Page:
The problem is that we want the UCs to run on thin margins, exactly as this article is calling out.
It seems to me that if you want to have the UC to take out insurance for non-payment of a debt like the payment of invoices from an agent to cover your pay, you will have to be prepared for them to charge higher fees, as they don't get any income other than the fees they charge. There ain't no such thing as a free lunch.
I have some experience of this. I had some doubts about the financial state of one of the agents involved in my current assignment a while back, as they manipulated the payment terms to delay payment by a couple of weeks, which the UC agreed to (without asking me), and then for a couple of months missed their own payment deadline by as much as two weeks. One month, this resulted in me paying my mortgage late.
I considered this, and read up about it, and decided that if the money had left the primary agent, and had not left the secondary agent (try to avoid multiple agents, it always causes problems), then there was not a lot I could do about it, and precious little the UC could, either.
The umbrella was committed only to paying the money when they received it, which may strictly be against employment law, but was not against the Ts&Cs of my engagement (I know, statuary law trumps contract law, but you would have to argue the case). When I looked into it further, I found that I was actually being paid just above minimum wage, with the remainder being classed as commission, a rather dodgy (IMHO) practice which actually affects holiday pay, and the amount I would be legally entitled to if there ever was a dispute. And this is one of the big umbrellas.
Yes, this is my predicament - I fear the insolvency practitioner (flashy HQ building) will drain whatever is in the agency's account and I'll be lucky to get pennies in the pound. The last reply I had from the insolvency practitioner was an update will be sent in the Annual Statement - yep, Annual.
Yes, this is indeed the case.
I was involved in a company being wound up that had nearly, but not quite, enough money to satisfy all the creditors (although one of the larger debts was an assessed corporate tax bill which could have been challenged). The directors (whom I knew a little) just got tired of juggling, and opted to accept the promises of an insolvency practitioner who said that they would take it on, and get it sorted as a voluntary insolvency.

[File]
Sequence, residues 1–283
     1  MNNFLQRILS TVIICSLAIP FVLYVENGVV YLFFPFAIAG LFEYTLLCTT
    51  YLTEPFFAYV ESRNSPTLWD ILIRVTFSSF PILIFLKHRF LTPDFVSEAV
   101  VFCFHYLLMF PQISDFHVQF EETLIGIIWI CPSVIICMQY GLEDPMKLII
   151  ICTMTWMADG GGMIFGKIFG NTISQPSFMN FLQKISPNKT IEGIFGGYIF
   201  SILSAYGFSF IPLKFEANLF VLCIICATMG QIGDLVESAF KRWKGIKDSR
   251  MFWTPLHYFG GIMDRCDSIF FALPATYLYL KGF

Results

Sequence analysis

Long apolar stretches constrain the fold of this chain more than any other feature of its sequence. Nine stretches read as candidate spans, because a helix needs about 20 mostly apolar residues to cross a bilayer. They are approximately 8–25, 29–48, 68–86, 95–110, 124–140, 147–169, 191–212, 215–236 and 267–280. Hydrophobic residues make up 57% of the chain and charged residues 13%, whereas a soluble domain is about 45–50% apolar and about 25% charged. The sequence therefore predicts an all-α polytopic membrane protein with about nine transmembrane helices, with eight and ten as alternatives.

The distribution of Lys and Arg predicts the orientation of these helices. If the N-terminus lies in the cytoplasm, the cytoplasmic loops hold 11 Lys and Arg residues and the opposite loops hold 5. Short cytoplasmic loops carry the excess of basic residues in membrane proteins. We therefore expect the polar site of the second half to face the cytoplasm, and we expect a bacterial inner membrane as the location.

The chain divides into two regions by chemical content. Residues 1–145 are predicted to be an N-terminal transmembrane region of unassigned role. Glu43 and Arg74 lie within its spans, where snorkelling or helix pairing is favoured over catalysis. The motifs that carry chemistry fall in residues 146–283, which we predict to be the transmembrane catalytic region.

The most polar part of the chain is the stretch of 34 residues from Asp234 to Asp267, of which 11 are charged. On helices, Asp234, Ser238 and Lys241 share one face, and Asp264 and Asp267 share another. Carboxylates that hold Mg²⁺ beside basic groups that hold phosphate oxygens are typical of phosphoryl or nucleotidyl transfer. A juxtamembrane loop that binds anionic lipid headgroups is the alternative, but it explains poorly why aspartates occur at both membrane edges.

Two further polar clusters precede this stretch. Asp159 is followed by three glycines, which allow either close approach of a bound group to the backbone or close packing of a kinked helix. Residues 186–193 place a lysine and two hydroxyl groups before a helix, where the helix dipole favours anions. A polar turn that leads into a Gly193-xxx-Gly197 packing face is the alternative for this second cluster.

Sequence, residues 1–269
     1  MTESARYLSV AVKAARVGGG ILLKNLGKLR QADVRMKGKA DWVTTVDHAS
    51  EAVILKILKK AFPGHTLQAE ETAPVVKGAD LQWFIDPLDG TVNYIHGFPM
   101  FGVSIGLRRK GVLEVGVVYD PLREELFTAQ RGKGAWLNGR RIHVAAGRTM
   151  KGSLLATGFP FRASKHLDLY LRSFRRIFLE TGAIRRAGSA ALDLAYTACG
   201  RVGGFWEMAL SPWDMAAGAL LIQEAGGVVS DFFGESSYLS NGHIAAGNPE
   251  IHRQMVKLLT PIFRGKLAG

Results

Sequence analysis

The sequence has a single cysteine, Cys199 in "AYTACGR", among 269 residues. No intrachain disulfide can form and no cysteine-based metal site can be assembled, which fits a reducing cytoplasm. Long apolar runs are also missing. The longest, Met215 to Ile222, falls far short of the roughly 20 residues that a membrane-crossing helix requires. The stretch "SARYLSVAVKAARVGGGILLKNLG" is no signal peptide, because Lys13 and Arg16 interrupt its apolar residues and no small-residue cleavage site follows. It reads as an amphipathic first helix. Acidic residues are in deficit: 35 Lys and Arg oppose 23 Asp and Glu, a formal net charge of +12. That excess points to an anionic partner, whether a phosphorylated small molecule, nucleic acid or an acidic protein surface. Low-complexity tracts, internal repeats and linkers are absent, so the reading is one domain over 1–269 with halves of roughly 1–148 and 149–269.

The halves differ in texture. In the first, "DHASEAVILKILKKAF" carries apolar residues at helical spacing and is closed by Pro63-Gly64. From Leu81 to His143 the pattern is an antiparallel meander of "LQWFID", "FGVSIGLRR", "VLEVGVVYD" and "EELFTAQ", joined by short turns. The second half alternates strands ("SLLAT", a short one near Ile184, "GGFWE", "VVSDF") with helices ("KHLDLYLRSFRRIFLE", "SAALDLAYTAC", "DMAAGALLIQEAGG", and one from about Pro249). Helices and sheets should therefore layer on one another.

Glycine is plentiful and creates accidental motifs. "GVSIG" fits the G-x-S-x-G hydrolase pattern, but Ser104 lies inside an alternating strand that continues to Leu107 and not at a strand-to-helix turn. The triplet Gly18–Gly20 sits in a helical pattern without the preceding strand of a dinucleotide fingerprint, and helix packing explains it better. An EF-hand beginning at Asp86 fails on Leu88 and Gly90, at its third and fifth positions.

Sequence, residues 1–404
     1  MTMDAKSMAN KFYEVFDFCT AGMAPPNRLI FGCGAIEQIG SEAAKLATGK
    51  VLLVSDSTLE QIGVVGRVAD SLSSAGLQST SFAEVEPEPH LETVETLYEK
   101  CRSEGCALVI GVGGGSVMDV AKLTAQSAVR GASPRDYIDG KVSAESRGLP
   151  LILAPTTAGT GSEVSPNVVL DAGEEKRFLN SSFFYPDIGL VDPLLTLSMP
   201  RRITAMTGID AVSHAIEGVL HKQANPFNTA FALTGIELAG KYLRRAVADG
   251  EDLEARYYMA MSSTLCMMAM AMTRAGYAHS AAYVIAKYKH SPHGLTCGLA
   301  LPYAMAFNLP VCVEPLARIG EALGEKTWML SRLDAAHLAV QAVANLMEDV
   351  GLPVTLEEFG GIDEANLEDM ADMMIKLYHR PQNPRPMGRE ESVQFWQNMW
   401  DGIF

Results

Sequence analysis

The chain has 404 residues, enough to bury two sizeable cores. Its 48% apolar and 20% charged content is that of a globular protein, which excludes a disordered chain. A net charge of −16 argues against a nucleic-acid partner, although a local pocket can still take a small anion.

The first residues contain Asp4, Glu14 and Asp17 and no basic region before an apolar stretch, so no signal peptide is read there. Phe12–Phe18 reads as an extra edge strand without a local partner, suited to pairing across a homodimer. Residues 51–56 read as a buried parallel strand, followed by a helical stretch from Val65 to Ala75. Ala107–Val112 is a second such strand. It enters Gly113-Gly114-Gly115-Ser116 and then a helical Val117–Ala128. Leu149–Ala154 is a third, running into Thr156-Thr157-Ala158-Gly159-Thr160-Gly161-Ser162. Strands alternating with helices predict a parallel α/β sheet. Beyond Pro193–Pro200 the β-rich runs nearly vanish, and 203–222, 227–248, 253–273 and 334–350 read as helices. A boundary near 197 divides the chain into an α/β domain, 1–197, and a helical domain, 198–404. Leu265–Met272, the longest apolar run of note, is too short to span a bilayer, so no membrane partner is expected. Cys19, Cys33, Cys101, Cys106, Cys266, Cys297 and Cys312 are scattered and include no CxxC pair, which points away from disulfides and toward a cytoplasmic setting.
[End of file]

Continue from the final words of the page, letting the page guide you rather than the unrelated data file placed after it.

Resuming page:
When the final report came out, not only had the IP not challenged the tax bill, but they had taken about 80% of the money in the bank as a 'preferred creditor', and after other deductions, ended up paying 10 pence in the pound to the small number of people who were real creditors (mainly HMRC). I ended up getting a couple of hundred pounds on the thousands I was owed.
This is textbook capitalism. Never mind that the law is imperfect, this is the demonstration that capitalism does not, in fact, regulate itself. It operates at the very limit of what is legal, forget about moral.
Capitalism requires regulation. In this case, a company that purposefully waits until the employee can no longer easily go before a judge should be automatically fined the amount of money withheld, forced to pay said employee and pay the bill for treating the whole affair.
It is incredible that there are people who actually dream up these kinds of schemes, but the only reason they succeed is because the law is not clear enough about penalites.
Clear that up and the hustlers will have to comply. You need to nail them to the wall first, though.